What is a preacher of the Gospel properly, but an embassador sent by the Creator to men, to declare his designs to them, to lay before them the conditions of the covenant he will make with them; and of the peace he will condescend to grant them, agreeable to that majestic expression of St. Paul, [c] We are embassadors for Christ? Now, from whom should an embassador receive his instructions, or the words he is commanded to deliver to those he is to treat with, but from the master who sent him? It was this made St. Paul exhort the Ephesians to offer up prayers continually for him; in order, says he, [d] that utterance may be given unto me, that I may open my mouth boldly, to make known the mystery of the Gospel... that

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therein I may speak boldly. And the same apostle declares in another place, that all things are of God, who hath reconciled us unto himself by Jesus Christ, [e] and hath given to us the ministry of reconciliation. When can preachers say truly to their hearers, [f] Now then we are embassadors for Christ, as though God did beseech you by us... [g] We speak before God in Christ, or rather, [h] it is Jesus Christ speaks in us, unless when the truths they declare, and the proofs by which they support them, are drawn from the Sacred Writings, and are warranted from God's word? These are likewise infinitely fruitful, whether we desire to inculcate tenets, or to explain mysteries; or would unfold the principles of morality, or censure vices. [i] All Scripture is given by inspiration of God, and is profitable for doctrine, for reproof, for correction, for instruction in righteousness.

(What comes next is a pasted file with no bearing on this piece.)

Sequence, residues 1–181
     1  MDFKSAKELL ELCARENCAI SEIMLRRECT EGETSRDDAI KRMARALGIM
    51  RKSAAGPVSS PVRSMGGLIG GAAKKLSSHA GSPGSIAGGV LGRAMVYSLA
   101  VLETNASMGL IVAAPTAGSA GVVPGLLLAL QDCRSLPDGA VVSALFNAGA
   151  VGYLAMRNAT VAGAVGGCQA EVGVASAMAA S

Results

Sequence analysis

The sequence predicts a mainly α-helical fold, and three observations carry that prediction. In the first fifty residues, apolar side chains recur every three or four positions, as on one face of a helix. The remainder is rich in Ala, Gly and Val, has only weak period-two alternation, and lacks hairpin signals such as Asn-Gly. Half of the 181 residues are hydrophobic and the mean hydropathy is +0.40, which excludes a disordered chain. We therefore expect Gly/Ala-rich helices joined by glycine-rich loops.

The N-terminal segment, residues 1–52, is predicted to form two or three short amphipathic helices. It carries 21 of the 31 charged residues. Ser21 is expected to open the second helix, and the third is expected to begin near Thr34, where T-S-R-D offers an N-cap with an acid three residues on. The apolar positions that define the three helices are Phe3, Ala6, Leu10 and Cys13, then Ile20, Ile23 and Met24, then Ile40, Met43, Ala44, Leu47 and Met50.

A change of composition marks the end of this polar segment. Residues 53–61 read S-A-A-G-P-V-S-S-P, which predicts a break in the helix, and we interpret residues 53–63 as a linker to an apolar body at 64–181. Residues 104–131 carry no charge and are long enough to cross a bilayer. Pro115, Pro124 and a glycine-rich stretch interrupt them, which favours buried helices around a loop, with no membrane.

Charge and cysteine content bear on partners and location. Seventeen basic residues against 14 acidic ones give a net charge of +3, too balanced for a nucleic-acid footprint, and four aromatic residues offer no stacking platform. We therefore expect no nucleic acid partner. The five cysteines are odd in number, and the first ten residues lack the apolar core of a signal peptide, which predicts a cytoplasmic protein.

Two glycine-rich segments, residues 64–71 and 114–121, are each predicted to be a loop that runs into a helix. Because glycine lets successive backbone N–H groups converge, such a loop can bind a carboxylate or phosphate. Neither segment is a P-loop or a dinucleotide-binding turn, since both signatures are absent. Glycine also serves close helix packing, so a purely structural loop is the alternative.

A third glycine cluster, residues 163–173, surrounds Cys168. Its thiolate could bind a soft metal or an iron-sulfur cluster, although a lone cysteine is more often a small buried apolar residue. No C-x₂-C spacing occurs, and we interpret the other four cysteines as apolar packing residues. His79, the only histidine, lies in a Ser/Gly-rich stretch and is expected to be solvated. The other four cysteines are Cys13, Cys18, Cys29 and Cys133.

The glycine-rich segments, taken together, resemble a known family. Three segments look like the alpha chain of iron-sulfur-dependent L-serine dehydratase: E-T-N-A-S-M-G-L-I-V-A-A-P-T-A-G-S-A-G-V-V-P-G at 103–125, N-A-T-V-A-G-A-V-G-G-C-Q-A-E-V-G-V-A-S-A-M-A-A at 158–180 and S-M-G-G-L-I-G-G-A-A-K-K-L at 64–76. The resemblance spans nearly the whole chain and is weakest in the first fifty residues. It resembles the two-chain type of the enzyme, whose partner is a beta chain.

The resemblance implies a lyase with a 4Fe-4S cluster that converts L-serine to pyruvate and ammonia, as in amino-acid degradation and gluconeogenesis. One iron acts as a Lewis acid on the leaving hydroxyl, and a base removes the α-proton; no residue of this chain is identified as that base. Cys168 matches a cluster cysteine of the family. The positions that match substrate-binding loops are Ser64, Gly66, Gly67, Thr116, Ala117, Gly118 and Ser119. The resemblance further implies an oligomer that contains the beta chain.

It must be confessed, that the truths which are declared to Christians, are much stronger, and make a much greater impression, when they are thus invested with the divine authority; because every man, at the same time that he has an idea of the Deity, has naturally a veneration for him. Besides, these truths take much deeper root in the mind, when they are joined with some passages of Scripture, the sense and energy of which have been shewn. The hearer may have the text explained, before his eyes, which makes him much more attentive; at least he has it at home, and, by reading it, he easily recals whatever was said to explain it. But a bare citation, often very short, and of which the auditor has seldom notice, passes away with great rapidity, leaves no trace behind it, and is lost and confounded in the rest of the discourse. We cannot expect much fruit from instructions, when they are founded merely on human


[e] 2 Cor. v. 15.

[f] Ibid. v. 29. [g] Ibid. xii. 19.

[b] Ibid. xiii. 3.

[] 2 Tim. iii. 16.